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When we think about staying healthy and fit, we sometimes forget that our eyes are an important part of this. The following is an excerpted article from Health.com (D. Chandri OD) with some insights to keeping our eyes healthy.
♦ Touching and rubbing your eyes – Whether you wear contacts or not, you’re asking for trouble by unnecessary poking and rubbing your eyes. Sometimes your eyes itch and you feel you have to rub, but it’s best to keep the lid closed and only touch the outside of the eye. Rubbing too hard can also lead to broken blood vessels and inflammation.
Another reason to keep your hands off? Your eyes are protected by mucous membranes—moist tissue that can easily collect dirt and germs—so they’re a great place for bacteria to grow. If you shake someone’s hand and then you rub your eyes, you’re transmitting those germs and there’s a good chance you can catch whatever cold he’s got.
♦ Annual eye exams – Vision changes aren’t even the most important reason you should still see an eye doc every year. It’s about getting your overall eye health checked out: There are no pain receptors behind the eye, so if you have a broken blood vessel or a tumor back there, you would otherwise not know it until it starts to interfere with your vision, or worse.
♦ Staring at devices all day (and night) – Electronic screens, like those on our computers, tablets, and smartphones, emit blue light, which some eye doctors believe to be as harmful as the sun’s ultraviolet rays. Plus, focusing on anything for hours on end can cause eye strain and headaches. Remember the “20-20-20” rule. Every 20 minutes, look at an object at least 20 feet away, for at least 20 seconds.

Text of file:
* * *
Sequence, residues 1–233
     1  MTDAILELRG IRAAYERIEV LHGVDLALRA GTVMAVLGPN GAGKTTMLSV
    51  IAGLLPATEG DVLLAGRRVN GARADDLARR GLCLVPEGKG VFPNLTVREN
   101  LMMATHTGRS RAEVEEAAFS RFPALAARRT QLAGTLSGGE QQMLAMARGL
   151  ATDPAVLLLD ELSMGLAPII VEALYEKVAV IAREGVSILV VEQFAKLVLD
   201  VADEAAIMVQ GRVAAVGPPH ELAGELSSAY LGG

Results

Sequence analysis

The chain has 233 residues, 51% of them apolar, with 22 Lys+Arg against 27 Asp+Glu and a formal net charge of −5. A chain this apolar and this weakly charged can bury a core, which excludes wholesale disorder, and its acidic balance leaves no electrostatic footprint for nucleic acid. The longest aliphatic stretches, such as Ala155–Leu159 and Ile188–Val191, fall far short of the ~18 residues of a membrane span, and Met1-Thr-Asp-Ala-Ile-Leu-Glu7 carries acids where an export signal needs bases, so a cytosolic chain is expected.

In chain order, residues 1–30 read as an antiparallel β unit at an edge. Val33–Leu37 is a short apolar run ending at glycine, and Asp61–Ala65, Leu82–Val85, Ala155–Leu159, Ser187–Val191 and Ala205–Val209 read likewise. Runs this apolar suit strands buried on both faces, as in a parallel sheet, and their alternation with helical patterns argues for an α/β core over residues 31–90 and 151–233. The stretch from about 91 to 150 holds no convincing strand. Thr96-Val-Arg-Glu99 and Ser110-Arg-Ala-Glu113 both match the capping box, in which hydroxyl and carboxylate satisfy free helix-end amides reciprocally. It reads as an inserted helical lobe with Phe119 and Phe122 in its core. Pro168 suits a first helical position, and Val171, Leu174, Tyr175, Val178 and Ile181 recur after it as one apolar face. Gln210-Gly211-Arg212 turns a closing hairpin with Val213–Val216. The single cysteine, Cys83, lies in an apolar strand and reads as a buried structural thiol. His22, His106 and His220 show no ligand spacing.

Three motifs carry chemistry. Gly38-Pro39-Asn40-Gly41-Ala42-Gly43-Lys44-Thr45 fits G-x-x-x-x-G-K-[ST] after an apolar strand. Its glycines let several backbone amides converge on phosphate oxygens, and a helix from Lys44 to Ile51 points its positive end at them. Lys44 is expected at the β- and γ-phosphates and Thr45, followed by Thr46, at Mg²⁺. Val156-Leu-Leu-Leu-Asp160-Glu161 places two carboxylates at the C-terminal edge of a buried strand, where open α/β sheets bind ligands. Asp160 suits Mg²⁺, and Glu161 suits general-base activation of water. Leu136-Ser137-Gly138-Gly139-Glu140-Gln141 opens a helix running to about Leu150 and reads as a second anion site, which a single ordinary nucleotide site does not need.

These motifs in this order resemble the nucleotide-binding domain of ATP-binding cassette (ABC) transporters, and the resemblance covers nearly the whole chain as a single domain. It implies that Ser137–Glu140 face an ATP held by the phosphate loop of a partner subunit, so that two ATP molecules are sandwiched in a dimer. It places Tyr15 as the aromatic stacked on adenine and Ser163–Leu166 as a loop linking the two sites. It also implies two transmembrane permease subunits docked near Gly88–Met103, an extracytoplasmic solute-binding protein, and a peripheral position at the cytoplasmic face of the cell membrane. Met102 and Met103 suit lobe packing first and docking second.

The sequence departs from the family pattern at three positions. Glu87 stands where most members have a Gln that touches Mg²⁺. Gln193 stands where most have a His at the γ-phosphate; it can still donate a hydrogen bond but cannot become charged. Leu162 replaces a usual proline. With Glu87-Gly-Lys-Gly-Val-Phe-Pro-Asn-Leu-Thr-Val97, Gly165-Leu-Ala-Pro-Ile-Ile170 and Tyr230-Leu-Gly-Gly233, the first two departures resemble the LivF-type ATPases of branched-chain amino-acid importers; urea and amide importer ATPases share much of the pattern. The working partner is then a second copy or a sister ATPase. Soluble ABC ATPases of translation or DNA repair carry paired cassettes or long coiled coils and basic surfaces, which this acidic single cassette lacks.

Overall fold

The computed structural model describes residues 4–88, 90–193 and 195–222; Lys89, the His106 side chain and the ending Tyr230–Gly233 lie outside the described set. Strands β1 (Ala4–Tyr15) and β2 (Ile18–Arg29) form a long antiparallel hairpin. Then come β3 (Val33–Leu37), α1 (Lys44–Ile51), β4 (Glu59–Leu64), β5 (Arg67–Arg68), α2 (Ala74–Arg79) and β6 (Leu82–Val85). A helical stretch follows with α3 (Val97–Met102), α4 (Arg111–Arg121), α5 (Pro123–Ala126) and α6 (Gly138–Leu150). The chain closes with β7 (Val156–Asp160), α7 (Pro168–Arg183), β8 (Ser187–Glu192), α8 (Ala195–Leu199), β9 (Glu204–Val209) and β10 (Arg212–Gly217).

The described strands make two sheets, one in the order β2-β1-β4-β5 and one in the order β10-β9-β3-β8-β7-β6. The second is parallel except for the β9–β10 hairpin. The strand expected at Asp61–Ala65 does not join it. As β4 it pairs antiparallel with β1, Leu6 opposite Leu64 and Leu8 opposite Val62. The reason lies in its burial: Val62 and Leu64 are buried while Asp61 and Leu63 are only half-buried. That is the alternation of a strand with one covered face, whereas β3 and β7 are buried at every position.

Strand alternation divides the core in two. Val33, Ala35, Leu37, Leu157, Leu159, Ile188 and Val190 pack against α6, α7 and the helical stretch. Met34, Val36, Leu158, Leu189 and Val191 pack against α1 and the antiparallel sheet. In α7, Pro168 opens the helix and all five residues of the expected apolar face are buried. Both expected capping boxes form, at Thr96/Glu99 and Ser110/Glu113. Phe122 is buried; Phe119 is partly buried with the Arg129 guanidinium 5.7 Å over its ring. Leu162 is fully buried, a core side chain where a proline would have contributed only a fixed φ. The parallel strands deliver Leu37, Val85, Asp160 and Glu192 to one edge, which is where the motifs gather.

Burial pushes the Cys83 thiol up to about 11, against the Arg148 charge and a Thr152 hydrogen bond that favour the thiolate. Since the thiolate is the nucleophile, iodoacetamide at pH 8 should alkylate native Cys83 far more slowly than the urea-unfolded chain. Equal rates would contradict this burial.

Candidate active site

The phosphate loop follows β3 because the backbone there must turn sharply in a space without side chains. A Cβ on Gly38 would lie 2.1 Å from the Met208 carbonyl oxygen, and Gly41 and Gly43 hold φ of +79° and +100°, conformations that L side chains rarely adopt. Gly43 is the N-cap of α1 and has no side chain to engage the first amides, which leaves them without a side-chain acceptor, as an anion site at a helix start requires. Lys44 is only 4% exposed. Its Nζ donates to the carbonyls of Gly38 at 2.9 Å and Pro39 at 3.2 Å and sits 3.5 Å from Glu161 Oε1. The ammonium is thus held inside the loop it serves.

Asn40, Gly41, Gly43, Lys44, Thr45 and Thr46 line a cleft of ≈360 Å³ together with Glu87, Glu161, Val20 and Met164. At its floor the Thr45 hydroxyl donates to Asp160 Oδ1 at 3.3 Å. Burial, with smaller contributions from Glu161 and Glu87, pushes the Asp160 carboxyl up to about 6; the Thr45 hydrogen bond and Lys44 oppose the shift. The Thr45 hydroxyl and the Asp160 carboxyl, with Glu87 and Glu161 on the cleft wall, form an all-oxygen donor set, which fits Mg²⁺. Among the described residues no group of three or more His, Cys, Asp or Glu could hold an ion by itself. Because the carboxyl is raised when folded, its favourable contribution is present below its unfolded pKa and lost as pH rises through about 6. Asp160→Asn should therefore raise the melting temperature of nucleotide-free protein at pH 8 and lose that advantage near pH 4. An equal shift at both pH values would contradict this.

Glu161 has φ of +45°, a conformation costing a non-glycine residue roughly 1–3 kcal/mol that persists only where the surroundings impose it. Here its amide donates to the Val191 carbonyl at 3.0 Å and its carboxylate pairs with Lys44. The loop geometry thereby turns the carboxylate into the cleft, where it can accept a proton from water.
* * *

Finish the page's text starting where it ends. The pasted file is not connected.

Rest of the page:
♦ Applying eyeliner to your waterline – Even though makeup artists often swear by putting liner on the inside of your lower lashes, it’s actually quite risky. When you put liner inside your eye, you’re mixing it with your tears. If you’re wearing contacts, your lenses then get coated in tiny makeup particles, which can deprive your eyes of oxygen. And even if you’re not wearing contacts, those makeup particles can also be carrying germs that can cause infection.
Liquid liners are especially dangerous since the applicator tip sits in a tube that can harbor bacteria. Soft pencils are safer since they are continuously being worn down and a new “tip” is exposed, but she still recommends applying them outside the eye only.
♦ Sleeping in your makeup – Hitting the sack without washing your face can do more than leave mascara stains on your pillow; it can also clog the glands around your peepers and lead to irritated skin, pimples, and even styes—painful, raised bumps that can appear on or around the eyelids.
False lashes are a no-no too. If you’re sleeping in them and rubbing them, that glue can get into your cornea and lead to major inflammation.
♦ Using expired solution, lenses, or drops – Contact lens solutions all have an expiration date that should be followed. These solutions have cleansers that kill bacteria on your lenses, so you want to make sure all of those ingredients are still doing their job.
The same thing goes for the lenses themselves, which sit in a sterile solution that can break down over time. Artificial tears and prescription eye drops also have expiration dates that you should pay close attention to, as well. And definitely don’t rinse your contact case or store contacts in any liquid that’s not sterile, like tap or distilled water; both have been associated with Acanthamoeba keratitis, a drug-resistant corneal infection.
♦ Overuse of OTC redness-reducing drops – The kinds you buy in the drugstore contain vasoconstrictors, which shrink blood vessels and temporarily make your eyes appear less red. But they also contain preservatives and other chemicals that can make your problem even worse in the long run, and it’s only a matter of time before you experience a rebound effect.
If your eyes are constantly red or irritated, it’s important to see an eye doctor who can get to the root of your problem. He or she can recommend an over-the-counter product (like a moisturizing “artificial tears” drop) or suggest other forms of treatment.
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